In cinema, gambling has the tendency to be glamourised and sensationalised, casinos portrayed as slick, stylish dens where dreams come true and everyone goes home a winner. Showing the dirtier side of the coin, and tackling the addictiveness of the habit are writers and directors Ann Boden and Ryan Fleck, who are best known for their collaboration on Half Nelson, which told the story of a school teacher hooked on drugs. Their latest project ‘Mississippi Grind’ focuses in on Gerry (Ben Mendelsohn), a down-trodden chancer on a losing streak. At the poker table, he meets Curtis (Ryan Reynolds), a happy-go-lucky ladies’ man who likes a flutter but confidently claims that he doesn’t play to win. In an attempt to overturn Gerry’s misfortune and make enough profit to repay his debts, they embark on a betting-fuelled road trip down the Mississippi River.
The buddy relationship that slowly develops at the epicentre of the plot holds interest throughout both their monetary and emotional highs and lows. Because of their flaws and the type of people they are, it is never entirely clear whether they are in fact playing one another, and an intriguing doubt lingers because of this. The clever writing succeeds in conveying a stark contrast between the bitter loneliness of losing alone in the times they are apart on screen, and the ecstasy and adrenaline in sharing a win with a friend. The visuals have a satisfying grubbiness to them that suits the subject matter completely, and the camera revels in long shots of dirty neon signs that juxtapose with the Las Vegas glitz the genre is heavily associated with.
Ben Mendelsohn has a knack of taking acting jobs as dishevelled men with horrible attributes and injecting a likeability into their personas. For too long he has stolen the show in supporting parts with his charismatic performances and now he has a leading role and executes in a way that only he can. You celebrate with them and feel every bad beat as hard as he does, rooting for him not just to end his losing streak but to be dealt a winning hand in life, and more importantly not to ruin it. Reynolds excels in making Curtis everything that Gerry wants to be; confident, charming and of course lucky, but the trick to his multilayered performance is how he unveils enough vulnerability to let the audience into the secret that they are not so different. Curtis’ life is an act in itself.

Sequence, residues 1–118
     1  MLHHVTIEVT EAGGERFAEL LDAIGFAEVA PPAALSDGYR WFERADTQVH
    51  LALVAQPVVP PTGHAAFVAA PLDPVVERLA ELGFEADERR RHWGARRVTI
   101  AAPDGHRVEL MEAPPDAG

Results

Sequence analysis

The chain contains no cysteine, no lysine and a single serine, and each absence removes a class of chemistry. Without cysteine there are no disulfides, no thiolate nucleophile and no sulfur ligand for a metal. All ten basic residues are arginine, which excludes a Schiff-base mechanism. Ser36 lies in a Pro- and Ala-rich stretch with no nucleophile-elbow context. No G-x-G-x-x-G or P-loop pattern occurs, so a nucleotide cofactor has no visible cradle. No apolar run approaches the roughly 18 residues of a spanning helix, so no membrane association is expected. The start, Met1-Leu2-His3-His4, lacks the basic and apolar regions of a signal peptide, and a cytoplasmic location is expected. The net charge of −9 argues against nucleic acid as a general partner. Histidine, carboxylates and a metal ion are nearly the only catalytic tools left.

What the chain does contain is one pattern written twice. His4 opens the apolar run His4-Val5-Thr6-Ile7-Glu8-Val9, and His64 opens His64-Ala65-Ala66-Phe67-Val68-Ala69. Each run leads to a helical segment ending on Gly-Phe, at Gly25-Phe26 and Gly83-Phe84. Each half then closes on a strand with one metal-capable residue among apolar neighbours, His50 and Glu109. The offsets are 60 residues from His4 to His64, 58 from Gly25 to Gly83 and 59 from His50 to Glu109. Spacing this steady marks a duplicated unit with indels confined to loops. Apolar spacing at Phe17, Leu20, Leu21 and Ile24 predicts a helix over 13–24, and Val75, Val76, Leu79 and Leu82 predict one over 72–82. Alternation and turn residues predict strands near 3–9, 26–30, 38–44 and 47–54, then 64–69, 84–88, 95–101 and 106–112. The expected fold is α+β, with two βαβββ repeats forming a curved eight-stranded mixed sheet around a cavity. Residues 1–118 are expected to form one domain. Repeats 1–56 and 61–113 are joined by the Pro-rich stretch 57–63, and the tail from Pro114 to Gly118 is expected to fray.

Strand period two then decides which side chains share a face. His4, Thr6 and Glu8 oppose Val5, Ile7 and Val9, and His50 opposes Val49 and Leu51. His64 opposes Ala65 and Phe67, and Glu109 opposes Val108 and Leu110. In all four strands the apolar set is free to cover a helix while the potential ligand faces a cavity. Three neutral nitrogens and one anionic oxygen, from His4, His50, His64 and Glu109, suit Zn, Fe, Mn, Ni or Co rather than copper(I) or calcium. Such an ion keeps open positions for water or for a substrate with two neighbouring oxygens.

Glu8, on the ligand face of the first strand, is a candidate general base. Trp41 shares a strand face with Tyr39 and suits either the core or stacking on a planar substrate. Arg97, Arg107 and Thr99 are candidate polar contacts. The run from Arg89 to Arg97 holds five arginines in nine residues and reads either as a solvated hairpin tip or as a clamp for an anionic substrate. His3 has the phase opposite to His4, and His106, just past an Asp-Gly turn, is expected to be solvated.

‘Mississippi Grind’ is everything that a gambling film should be, in that it presents wins as mere glimmers of light in a never-ending tunnel of losses, and yet I still left the cinema with the urge to put a bet on. Boden and Fleck handle the overlooked topic realistically and intelligently, and with humour in just the right places. Mendelsohn and Reynolds strike up an unusual cinematic bromance on an entertaining road-trip. It’d be a joy to tag along as third wheel, as long as you know when to stop and get off.
See the trailer: